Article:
I was engaged on this project by a former colleague, Peter Lewis, to design and build the front-end of the site. Peter worked as the main client contact and the back-end developer/devops engineer.
My initial task was to come up with a simple but striking brand that would evoke high quality while maintaining an informal contemporary style. I decided on a simple logo mark in striking purple, that communicated the high values of the brand while standing out from the competition. The logo plays with the initial letters of Inclusive Retreats in a simple but effective manner.
I worked with Peter and the client to establish a sitemap based on several user journeys. We were working towards a Phase One of the site, which would be a full brochure site and a basic contact form once the customer had selected their choices. Phase Two would come later and would integrate a full booking system.
Once we had the structure of the site in place, I produced a number of wireframes for the key screens. These were honed after several rounds of feedback from the client, and used to inform the visual design. I produced just two PhotoShop mockups, one of the homepage, and one of a holiday details screen. This was to help the client understand how the site would look overall, but left us plenty of flexibility to modify the design during the front-end build.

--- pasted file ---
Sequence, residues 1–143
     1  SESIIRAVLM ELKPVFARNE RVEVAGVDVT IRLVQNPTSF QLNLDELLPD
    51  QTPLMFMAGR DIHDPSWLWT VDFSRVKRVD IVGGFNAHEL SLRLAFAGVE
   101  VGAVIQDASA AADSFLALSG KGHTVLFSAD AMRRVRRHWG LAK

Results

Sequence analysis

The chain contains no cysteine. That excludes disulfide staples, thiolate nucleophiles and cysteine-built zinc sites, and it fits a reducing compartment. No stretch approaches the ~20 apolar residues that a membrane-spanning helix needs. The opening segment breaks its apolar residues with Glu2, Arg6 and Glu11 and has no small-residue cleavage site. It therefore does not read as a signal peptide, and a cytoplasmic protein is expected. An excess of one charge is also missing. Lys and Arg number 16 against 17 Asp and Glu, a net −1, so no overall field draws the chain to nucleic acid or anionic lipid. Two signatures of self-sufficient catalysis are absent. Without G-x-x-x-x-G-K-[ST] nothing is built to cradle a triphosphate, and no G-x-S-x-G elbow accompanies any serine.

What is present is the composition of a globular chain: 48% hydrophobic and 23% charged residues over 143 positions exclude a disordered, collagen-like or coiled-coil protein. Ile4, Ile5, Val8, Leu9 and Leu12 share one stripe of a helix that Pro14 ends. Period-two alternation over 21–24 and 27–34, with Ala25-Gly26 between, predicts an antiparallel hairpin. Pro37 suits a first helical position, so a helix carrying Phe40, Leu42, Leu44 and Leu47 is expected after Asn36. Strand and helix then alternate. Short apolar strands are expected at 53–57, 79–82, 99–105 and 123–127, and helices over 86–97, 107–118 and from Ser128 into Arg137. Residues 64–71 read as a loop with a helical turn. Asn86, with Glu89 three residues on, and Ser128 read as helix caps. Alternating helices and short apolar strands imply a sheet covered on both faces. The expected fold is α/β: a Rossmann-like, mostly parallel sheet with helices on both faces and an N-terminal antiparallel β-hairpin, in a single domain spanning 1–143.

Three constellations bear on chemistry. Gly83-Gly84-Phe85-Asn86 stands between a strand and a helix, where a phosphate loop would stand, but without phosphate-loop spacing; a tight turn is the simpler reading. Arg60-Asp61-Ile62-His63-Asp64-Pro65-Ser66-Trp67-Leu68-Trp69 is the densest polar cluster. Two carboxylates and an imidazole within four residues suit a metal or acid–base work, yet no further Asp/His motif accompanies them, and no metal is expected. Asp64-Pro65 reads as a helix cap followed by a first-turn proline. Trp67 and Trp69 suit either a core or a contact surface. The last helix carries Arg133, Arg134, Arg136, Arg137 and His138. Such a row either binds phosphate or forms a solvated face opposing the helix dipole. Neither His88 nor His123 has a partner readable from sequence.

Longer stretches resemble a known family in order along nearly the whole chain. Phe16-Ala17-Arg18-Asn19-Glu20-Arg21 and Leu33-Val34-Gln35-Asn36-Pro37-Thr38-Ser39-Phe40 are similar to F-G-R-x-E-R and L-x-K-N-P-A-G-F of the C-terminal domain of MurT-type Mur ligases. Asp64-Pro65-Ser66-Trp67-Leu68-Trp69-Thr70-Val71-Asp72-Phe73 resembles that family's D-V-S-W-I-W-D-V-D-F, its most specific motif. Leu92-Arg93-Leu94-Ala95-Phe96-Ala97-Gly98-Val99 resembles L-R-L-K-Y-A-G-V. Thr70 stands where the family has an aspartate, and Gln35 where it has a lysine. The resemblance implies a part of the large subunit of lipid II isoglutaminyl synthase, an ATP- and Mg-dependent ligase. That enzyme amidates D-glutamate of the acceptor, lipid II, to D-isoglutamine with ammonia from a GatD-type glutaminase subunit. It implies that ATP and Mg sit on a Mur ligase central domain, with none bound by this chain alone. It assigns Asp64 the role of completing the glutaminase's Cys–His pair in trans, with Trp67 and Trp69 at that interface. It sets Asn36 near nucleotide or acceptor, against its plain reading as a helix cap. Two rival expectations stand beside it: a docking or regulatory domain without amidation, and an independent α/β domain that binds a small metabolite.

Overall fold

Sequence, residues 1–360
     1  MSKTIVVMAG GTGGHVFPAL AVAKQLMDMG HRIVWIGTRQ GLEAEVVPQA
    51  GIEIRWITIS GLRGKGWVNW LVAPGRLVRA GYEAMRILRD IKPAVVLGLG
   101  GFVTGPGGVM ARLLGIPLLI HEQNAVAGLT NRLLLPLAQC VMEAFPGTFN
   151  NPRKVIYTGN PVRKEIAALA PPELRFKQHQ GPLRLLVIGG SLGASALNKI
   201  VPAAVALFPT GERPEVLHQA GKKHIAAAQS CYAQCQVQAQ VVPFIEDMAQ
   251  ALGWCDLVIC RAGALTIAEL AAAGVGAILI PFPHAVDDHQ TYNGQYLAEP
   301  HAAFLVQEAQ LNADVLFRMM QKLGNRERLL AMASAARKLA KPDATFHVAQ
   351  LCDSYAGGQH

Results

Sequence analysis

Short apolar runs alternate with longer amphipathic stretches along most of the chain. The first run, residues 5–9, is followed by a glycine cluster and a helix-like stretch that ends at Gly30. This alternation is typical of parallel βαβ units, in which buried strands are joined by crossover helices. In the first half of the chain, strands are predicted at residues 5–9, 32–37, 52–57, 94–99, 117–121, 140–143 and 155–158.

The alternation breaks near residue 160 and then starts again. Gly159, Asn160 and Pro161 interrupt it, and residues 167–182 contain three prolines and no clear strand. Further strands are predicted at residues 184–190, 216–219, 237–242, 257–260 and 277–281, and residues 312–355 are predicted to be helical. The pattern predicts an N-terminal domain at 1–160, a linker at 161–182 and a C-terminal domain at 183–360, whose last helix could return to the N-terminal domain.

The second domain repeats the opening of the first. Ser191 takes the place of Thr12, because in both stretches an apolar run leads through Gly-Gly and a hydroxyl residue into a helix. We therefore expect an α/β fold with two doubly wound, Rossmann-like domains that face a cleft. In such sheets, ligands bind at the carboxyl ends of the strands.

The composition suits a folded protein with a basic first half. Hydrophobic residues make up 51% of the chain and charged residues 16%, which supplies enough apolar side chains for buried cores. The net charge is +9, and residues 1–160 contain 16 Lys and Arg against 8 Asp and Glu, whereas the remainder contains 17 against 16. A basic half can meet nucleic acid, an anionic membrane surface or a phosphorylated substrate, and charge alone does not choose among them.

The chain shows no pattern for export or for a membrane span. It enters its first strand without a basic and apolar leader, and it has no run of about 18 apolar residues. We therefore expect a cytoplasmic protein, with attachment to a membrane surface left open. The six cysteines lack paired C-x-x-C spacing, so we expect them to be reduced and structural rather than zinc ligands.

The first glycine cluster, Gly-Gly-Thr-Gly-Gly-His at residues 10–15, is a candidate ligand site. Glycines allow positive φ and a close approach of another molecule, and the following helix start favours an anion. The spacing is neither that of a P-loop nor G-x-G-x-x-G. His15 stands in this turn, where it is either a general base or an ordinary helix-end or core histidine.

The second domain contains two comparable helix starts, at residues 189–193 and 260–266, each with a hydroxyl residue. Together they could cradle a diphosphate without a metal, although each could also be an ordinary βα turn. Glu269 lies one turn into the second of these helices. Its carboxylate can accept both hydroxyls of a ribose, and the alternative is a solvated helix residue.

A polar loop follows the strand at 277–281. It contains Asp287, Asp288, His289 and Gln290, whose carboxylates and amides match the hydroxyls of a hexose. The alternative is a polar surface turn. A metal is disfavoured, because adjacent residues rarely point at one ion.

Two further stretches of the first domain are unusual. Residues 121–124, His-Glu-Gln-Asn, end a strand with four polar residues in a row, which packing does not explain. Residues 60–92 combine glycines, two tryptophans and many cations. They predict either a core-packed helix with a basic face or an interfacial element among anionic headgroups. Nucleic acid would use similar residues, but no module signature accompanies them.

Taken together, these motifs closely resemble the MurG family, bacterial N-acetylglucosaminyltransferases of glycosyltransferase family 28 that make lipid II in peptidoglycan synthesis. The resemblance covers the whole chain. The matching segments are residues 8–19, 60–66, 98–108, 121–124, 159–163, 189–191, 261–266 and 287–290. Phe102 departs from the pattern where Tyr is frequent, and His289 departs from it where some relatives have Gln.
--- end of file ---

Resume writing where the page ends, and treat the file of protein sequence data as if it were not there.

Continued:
I built all the front-end templates for the site mainly using flexbox for layout. As usual, I hand coded the HTML and Sass CSS from scratch, without relying on any frameworks. For a site of this scale, a framework would have caused us far more problems than it would solve. We needed complete control over the HTML and CSS. I built an SVG sprite system and a number of ‘automatic’ layout modules that would re-format their contents depending on where they appeared within the page. This used a simple system of CSS sibling selectors which can be extremely powerful when used smartly.
I was particularly pleased with the treatment for images, using an inset border with a cutout area for titles/subtitles. It’s an unusual technique and not often seen on the web, and I think it adds a little bit of identity to the overall style.
Once the main templates were built, my colleague Peter set to work on building the back-end in Craft. This was a very large build and we worked together over many weeks to ensure that the front-end was as flexible as possible for the back-end system that Peter built. The core of the system was a “page builder”, a modular system in the CMS that allowed the client to build pages out of small modules in any order they chose (within some pre-defined contraints). This gave the client incredible flexibility in what they could build without needing to touch any HTML or other code.
I’m extremely pleased with the design and build of this site and the client is delighted with the final result.